It was over the bridge where the Tyndell Institute building was pointed out as originally being a malting house for the distillery.
Onwards to the Mardyke complex we went and into the Porterhouse. Once owned by Woodford-Bourne and built in 1875, it was their bonded warehouse. The original curved roof can still be seen today. Out of Eric’s bag of tricks a 1950s bottle of Jamesons “The Jubliee Whiskey” was produced. Alas….Eric could not be persuaded to open it! He did however pour a generous helping of Method and Madness Single Pot Still. While it is a whiskey that needs no introduction for most of us, Eric once again delivered an in-depth breakdown on the tasting of it.
From here it was onto Arthur Mayne’s via the English market.
With each passing building we were given a history of it and its connection to the trade. It was surprising to see just how many buildings had a whiskey related history in the city. In fact one of the social centres of Cork, Reardens Pub, featured with a small whiskey crock being produced on show.
Arriving at Arthur Mayne’s we were lead upstairs for a spread of bread, oils, meats and cheeses. Of course what would this lunch be without a pairing of whiskey! Here we sampled the terrific Midleton Barry Crockett Legacy. The upstairs of Arthur Mayne’s is a fantastic little whiskey bar and while it was my first time in there…..it shall not be my last!!
The final walk lead us up to the Welcome Inn where the history of one of Corks oldest pubs, and one of only two operating early houses, was given by Padraig, the present owner. On conclusion a bottle of Paddy Centenary was produced, copitas were filled and the story of Paddy O’ Flaherty was given. A character he most surely was, such that people started asking for Paddy’s whiskey in such numbers, that Cork Distillers decided to put his signature on the bottle to mark it as a true bottle of their whiskey. It eventually was labeled “Paddy” as we know today.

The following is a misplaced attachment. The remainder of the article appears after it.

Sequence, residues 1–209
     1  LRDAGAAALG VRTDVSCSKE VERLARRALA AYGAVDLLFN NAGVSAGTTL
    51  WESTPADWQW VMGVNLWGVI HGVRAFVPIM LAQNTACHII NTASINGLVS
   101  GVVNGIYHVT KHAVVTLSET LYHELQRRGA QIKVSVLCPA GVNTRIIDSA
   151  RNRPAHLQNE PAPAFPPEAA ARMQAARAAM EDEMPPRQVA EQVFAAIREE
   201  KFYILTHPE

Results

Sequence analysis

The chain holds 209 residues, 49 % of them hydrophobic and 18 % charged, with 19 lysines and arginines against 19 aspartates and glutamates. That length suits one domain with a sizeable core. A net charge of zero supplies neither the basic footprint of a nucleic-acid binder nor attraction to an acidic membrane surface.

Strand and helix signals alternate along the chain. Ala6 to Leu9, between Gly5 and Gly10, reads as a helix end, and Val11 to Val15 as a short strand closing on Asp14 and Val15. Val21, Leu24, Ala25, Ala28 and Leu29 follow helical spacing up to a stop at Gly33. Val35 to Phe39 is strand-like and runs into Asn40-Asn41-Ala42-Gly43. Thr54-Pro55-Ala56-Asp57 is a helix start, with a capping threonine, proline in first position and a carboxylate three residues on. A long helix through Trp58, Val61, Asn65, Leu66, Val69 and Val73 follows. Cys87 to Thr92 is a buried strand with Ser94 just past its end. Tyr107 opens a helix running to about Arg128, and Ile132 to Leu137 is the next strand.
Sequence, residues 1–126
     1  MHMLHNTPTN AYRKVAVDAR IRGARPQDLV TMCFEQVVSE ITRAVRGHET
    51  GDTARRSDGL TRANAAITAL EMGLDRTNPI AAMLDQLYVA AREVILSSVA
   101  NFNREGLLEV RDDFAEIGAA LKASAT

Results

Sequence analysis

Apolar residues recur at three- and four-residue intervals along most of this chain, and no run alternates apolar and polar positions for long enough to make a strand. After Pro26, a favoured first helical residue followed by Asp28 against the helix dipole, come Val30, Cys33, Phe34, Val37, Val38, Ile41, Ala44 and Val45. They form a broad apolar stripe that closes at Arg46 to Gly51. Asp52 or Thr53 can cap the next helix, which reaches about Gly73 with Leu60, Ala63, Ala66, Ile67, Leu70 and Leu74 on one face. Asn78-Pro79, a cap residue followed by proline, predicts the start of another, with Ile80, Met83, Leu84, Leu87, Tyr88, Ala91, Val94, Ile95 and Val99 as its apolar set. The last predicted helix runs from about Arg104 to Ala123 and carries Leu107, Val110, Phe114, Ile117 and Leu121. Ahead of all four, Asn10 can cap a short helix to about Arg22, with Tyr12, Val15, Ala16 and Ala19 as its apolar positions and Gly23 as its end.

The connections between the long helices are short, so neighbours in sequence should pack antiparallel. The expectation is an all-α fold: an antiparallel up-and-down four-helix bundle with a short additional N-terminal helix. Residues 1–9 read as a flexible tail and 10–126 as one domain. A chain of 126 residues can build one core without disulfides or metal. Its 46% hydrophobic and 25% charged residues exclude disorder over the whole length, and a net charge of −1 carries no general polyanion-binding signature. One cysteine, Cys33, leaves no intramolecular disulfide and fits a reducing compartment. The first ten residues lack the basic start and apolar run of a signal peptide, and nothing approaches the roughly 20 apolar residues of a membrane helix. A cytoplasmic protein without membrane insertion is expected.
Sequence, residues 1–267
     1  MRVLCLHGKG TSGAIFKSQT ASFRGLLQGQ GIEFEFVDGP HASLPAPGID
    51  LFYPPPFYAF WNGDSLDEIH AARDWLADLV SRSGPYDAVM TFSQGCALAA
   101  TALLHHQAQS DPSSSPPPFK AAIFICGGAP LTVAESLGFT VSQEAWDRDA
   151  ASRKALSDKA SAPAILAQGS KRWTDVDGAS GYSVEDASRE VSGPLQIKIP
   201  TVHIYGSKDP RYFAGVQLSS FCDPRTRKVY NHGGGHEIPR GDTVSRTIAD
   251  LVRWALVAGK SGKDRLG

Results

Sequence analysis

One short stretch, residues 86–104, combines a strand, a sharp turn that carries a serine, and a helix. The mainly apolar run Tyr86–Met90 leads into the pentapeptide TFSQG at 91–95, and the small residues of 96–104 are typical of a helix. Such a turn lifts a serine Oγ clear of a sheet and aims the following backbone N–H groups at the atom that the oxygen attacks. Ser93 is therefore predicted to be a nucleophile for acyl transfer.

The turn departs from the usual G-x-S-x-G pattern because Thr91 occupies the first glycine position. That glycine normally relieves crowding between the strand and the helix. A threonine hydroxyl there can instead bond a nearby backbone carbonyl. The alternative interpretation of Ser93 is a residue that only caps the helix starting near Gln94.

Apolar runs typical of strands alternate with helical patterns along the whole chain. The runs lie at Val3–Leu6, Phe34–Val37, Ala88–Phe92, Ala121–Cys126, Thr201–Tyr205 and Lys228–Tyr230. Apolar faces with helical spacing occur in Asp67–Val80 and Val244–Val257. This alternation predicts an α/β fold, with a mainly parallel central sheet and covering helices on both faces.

While the tour ended at the Welcome Inn, we decided one more location was called for and off we popped to the Shelbourne Bar in McCurtain Street. With a tremendous selection of whiskey it is a pub that shouldn’t be bypassed if you are in Cork. World famous in Cork for their Irish Coffees that Stephen made us with tender loving care (yes……Cork is its own world…..hence world famous!!)
And with that our day was done. The walk was the first one that I have done, but I know it would be hard to beat it. Eric’s knowledge is mind blowing. No prompt cards on show, no notes were needed. He bounced from date to date with intricate detail. Explanation was offered where needed, questions were demanded from us. I myself thoroughly enjoyed the day and would recommend you to attend, especially if you are from Cork or in my case, adopted by the county! Obviously I haven’t given you the full details of the day. For details such as how Seamus Coleman was murdered, you’ll have to experience the walk yourself. You can get further information about Cork Whiskey Walk here.
With thanks to Cork Whiskey Walks for inviting the author on this walk.